A prologue: I have been a fan of the world’s only consulting detective since I was very young. Mom somehow found a VHS tape of an Australian animated adaptation of “The Sign of the Four”, which I remember very clearly and loved. Also, obviously, the Great Mouse Detective was a big part of my early childhood. I fell in love with Laurie R. King’s pastiche Mary Russell series at 15 and was off and running from there. But, I was mostly alone. As a nerdy child, I generally thought if I liked something, others did not like it. Apart from my best friend Alicia, who read the King novels with me (sometimes on our laps at stop lights–sorry, Mom!) I doubted there were others like me out there who shared my love of the great brain and the good doctor.

Things started falling into place when I was introduced to BBC’s “Sherlock” at the end of the 2012 Obama campaign. I realized that for a show of that caliber to happen, it must be made by people who love Sherlock and John as I do. There  must be others. I re-read the canon stories by ACD. I re-read the Mary Russell stories. I spent a lot of time on Tumblr. I cautiously dared to hope I was not alone.

For my birthday this year, I asked for a copy of W. S. Baring-Gould’s “Sherlock Holmes of Baker Street”. My mom bought it online, and it arrived to me with a note from the secondhand bookseller. The mystery man penned a quick missive about how if I liked this, I would surely like the Nero Wolfe novels, which were written by an Irregular. “Irregular…what?” I mused, and took to the internet. You can probably picture my delight as I discovered that the Irregulars were the Baker Street Irregulars, a club of people who loved Sherlock just as I did, and that there were Scion societies all over the world, including a few in my backyard! I set out to join at once, and I have never looked back.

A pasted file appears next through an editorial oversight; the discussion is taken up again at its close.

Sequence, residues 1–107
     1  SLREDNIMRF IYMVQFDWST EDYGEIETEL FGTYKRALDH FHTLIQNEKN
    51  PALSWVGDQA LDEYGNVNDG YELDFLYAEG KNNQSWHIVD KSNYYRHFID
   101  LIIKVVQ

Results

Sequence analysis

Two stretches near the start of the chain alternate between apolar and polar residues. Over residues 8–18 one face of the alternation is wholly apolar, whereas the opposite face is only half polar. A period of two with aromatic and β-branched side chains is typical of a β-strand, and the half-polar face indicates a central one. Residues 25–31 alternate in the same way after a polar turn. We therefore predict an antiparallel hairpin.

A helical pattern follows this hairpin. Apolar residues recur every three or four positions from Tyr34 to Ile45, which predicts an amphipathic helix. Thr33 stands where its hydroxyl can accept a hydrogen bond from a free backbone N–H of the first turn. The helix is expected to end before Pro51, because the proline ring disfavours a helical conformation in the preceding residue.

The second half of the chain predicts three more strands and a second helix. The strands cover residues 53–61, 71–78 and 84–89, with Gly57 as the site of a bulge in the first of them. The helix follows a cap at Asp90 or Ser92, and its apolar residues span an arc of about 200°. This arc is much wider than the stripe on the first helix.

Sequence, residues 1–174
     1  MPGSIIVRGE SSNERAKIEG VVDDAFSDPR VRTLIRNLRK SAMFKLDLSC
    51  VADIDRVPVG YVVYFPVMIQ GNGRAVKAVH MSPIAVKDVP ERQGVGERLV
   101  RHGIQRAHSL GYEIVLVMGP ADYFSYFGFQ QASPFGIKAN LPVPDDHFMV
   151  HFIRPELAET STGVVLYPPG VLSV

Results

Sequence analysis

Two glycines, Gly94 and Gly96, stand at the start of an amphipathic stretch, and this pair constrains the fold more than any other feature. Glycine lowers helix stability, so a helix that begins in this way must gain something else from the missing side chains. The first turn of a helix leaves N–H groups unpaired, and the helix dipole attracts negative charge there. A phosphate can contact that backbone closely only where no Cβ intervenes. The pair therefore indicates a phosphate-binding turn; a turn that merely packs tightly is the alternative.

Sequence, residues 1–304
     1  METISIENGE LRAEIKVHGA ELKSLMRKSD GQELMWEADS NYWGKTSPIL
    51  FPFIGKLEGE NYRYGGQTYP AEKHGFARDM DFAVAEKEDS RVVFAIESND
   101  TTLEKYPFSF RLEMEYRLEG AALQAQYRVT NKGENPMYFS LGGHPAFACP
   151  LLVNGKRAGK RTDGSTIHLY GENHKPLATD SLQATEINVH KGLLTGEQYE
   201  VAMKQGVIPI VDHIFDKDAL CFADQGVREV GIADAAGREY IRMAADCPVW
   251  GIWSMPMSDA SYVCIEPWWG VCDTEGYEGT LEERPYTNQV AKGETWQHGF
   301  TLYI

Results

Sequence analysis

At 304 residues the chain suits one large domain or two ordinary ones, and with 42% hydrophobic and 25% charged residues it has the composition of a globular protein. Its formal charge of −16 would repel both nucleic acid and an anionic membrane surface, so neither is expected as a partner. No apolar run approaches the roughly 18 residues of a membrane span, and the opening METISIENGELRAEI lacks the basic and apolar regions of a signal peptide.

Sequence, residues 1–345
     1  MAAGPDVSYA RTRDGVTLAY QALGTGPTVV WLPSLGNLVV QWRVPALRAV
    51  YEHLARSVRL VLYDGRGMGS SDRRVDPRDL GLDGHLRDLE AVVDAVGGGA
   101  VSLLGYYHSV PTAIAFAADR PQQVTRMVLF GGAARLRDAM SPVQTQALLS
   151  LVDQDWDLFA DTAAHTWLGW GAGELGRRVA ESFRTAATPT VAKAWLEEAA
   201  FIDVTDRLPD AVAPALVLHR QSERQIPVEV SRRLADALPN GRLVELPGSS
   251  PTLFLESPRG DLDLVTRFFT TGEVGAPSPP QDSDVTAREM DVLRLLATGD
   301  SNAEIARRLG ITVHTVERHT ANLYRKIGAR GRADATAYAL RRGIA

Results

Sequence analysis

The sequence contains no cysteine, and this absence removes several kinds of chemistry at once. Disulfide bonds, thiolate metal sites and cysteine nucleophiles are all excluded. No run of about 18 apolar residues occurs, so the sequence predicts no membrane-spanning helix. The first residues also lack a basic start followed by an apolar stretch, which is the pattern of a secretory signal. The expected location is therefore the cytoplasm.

Which brings us to this weekend. Every year, the Irregulars throw a big bash for Sherlock’s (supposed) birthday, 6 January in NYC. The Irregulars are a highly selective, invite-only group, but the weekend’s festivities are open to all who love Sherlock save a few events. My scion, Watson’s Tin Box of Maryland, had a few folks going up and I was going with them! I only knew my scion-mates by name and knew not another soul, but I was going. And I was terribly frightened.

I am not one for purely social gatherings. And I am not one to jump into things headfirst. I was worried I wouldn’t make friends, that everyone would already be in groups and I’d be left out, that I didn’t know enough about the canon, that I was too young, too silly….my husband basically had to force me out the door. (Shoutout to encouraging husbands, who know just when to give us a nudge and when to let us stay behind!) I arrived at my first event–the Adventuresses of Sherlock Holmes ASH Wednesday dinner–terrified of what might ensue.

photo 1 (2)(observe the terror in my eyes)